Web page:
Australian building approvals tumbled in May, recording a drop of 5.2% to 19,276 in seasonally adjusted terms.
The figure, below the 3.3% decline expected, all but reversed solid gains achieved in the prior two months. It was also the largest monthly percentage decrease since November last year.
According to the Australian Bureau of Statistics (ABS), the fall in May was driven entirely by weakness in high density housing approvals which plunged 10.3%.
At 9,460, approvals for this segment — largely apartments — fell by 9.1% from the levels of a year earlier.
Approvals for detached housing were largely unchanged, rising 0.2% after seasonal adjustments. At 9,816, they increased by 1.5% from May 2015.
Over the past year there were approximately 233,974 dwellings approved, up 2.67% from the number recorded in the year to May 2015. However, the rolling annual total is now edging lower having hit a record-high of 240,842 in October last year.
By category, there were 117,324 housing approvals granted over the past year, narrowly edging out approvals excluding houses which came in at 116,650.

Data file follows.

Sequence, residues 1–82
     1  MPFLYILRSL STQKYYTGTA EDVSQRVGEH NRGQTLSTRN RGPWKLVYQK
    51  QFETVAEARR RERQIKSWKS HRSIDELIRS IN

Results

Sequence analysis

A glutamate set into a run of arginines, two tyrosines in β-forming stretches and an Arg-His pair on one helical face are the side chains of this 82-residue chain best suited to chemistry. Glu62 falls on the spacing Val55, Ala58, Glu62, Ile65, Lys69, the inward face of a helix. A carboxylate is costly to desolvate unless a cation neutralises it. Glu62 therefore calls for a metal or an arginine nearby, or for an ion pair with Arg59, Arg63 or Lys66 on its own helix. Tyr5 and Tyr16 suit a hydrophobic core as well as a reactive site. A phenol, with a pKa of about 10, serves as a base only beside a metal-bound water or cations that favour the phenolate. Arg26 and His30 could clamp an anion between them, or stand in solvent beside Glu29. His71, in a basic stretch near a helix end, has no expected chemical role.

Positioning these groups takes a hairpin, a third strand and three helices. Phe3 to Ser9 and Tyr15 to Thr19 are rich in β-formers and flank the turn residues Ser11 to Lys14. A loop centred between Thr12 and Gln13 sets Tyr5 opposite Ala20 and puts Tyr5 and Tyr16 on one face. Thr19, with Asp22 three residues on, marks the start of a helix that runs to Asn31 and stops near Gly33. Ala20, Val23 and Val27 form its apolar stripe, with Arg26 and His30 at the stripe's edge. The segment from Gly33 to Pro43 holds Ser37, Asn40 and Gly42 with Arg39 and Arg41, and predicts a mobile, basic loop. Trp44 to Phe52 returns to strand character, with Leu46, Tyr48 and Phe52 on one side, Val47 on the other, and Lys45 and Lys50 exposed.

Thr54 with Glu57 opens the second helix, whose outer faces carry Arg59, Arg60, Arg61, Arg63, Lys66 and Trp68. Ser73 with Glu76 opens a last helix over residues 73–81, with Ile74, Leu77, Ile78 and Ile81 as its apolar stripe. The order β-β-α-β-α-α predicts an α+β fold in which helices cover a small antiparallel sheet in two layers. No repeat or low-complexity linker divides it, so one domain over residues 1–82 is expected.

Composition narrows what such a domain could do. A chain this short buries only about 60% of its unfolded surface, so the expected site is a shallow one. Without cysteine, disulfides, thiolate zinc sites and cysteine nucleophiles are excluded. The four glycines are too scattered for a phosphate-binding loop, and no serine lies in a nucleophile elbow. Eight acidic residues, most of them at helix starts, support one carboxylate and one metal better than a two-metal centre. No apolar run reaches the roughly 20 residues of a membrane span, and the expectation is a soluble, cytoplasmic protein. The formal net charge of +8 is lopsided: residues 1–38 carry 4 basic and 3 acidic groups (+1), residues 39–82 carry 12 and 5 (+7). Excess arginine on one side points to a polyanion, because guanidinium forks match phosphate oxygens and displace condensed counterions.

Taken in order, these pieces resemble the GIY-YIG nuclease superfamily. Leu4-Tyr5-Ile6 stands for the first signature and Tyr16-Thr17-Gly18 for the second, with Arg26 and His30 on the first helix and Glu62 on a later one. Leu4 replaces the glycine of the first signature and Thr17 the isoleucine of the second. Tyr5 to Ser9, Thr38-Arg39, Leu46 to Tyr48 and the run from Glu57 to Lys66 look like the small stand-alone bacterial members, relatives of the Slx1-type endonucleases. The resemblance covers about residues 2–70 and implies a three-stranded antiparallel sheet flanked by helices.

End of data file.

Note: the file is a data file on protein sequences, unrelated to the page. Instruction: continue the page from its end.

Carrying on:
As seen in the chart below, the moderation in building approvals has been driven entirely by a slowdown in high density housing.
Mirroring the decline in the number of dwellings approved, the value of approvals also slumped in May, partially reversing an enormous 18.2% gain in April.
“The value of total building approved fell 10.3% in May following a rise of 18.2% in the previous month,” said the ABS.
“The value of residential building fell 6.4% after rising for three months. The value of non-residential building fell 18.5% following a rise of 47.7% in the previous month.”
Although the monthly figures were ugly, it must be remembered that the weakness was almost entirely due to weakness in highly volatile high density approvals.
Although nothing can be read into one month of weakness, as evidenced by the rolling 12 month approvals chart above, it appears that the peak in Australian building approvals has already past, at least until the next housing construction cycle begins.